I often get asked why I want to leave home and travel. Won’t I miss everyone and everything? Won’t I get lonely? What am I running away from?
We all have our reasons for traveling – wanderlust, the love of a new culture, a desire to just leave it all behind, the need to forget, or the need to meet new people. Travel becomes a way for people to deal with different situations, experience new things, or help search for a sense of self.
And because it offers so much to so many different people, travel holds an allure for us all. St. Augustine once, “The world is a book, and he who doesn’t travel reads only one page.” I keep that quote, and a famous one by Mark Twain about having no regrets, in my mind constantly.
In the book of the world, all the pages are different. Everything is new, everything is changing. I believe that is why we travel – for the change. Whether you’re going to see a pyramid or experience a new culture, whether you are going to get away or to learn, and whether you go for a month or a year, we all go because we seek change. We seek something different. A change in self, attitude, daily routine, or impressions of another culture, change is the one thing travel brings us.
The constant change creates a chance for us to come to terms with the world around us and find out who we are.
In this modern world of 9 to 5, mortgages, carpools, and bills, our days can get pretty regimented and become pretty boring. Typically, our days rarely exhibit huge change. Under the weight of everything, we often lose track of what’s important to us and what our goals are. We get so caught between commutes and errands or driving the kids to soccer, that we forget how to breathe and to smell those roses.
When I was home, I could plan out my days months in advance. Why? Because they weren’t going to be much different – commute, work, gym, sleep, repeat. Yet on the road, every moment represents a new beginning. No day is the same. You can’t plan out what will happen because nothing is set in stone. No commutes, no errands, no scheduled meetings. Just you and your whim.
Over the last few years, I’ve always experienced constant change. Places, cultures, cities, countries were always changing. No day was (or is) ever like the last. In fact, every day is so different, that I sometimes wonder if I haven’t lived three lifetimes already.
This lifestyle is not for everyone but, for those that go, I notice the subtext of change in the reasons for their desire to leave. We want to see the world, see something different, see something change. The new, the exciting, the different, and the adventure – it’s all there when you travel. Your days no longer are dictated by business hours, but by the changing winds of your own heart.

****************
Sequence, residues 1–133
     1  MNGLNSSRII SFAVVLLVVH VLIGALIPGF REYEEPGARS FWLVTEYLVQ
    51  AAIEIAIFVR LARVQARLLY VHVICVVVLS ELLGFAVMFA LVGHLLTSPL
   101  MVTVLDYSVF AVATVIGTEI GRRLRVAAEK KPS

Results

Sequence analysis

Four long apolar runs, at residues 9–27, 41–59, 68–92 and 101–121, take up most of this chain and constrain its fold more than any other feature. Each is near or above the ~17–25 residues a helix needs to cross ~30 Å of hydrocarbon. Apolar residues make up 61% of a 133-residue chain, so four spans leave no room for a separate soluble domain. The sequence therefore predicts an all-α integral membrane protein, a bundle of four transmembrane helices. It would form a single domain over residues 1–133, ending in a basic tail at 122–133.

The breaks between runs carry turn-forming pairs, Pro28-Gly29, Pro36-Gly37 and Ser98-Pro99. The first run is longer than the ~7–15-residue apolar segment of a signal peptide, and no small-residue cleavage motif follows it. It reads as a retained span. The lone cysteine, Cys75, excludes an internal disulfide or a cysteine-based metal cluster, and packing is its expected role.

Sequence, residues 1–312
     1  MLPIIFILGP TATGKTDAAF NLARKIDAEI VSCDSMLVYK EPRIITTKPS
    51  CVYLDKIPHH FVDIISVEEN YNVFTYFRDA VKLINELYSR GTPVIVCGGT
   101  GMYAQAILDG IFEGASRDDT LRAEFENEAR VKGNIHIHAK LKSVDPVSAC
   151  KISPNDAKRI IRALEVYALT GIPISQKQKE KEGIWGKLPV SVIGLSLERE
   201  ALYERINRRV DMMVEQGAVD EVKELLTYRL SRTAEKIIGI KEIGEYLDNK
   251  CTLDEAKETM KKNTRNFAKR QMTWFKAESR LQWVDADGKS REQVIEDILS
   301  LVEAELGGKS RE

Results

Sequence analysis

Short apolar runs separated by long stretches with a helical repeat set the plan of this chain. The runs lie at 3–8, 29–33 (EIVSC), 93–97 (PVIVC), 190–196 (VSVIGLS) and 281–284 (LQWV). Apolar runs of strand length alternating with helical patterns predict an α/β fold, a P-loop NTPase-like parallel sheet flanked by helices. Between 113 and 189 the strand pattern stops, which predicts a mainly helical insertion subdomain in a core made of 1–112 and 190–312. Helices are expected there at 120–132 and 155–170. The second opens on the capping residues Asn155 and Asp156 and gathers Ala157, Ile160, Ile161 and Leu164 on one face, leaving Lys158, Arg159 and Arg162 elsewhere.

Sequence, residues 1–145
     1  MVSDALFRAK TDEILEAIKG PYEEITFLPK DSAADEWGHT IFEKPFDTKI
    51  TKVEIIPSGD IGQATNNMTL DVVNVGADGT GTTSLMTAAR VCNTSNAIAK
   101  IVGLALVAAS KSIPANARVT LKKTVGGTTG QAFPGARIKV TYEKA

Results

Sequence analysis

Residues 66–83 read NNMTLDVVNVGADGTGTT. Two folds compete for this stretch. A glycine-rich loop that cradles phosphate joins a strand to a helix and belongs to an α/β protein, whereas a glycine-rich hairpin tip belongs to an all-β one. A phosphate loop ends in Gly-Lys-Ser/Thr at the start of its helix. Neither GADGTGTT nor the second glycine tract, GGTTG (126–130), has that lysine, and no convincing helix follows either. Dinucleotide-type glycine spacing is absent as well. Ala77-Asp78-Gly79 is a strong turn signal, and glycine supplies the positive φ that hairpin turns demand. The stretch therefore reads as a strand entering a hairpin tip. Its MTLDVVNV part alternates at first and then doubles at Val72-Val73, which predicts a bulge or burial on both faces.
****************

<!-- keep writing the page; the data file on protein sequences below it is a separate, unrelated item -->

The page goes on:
Out in the sea of freedom, with no compass to guide us, with nothing to force our direction, we all sail onward.
We all want something different from our daily routine, something to challenge us. People thrive on variety (it is the spice of life after all!): it is hardwired into our brains. Nobody wakes up and is grateful for sitting eight hours in a cubicle. No. All we talk about is getting out of it. Breaking the walls down and…..going somewhere different.
We are looking for something new, something unseen – the next page in the world’s book, if only for a little while. That’s what makes travel so interesting, intriguing, and inviting to us all. It calls us. It beckons us to come with it to new lands and unfamiliar retreats. It gives us a respite and sanctuary from the chaos and regimented world of 9 to 5. It shows us new places, people, and cultures. It’s always giving us something new – not only outwardly, but also inwardly.
I am in the driver’s seat on this road, and though it’s mostly unseen, I can read the only signpost on it – “Change Ahead” – and do nothing but smile. As I look around at the other drivers, I see them smiling, too. We all smile together, knowing something new is just up around the bend – a new adventure, a new challenge, a new lover, or a new friend.
We crave the new – and it’s right around the next bend.
We can feel it.
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Note: This article was originally published in 2008.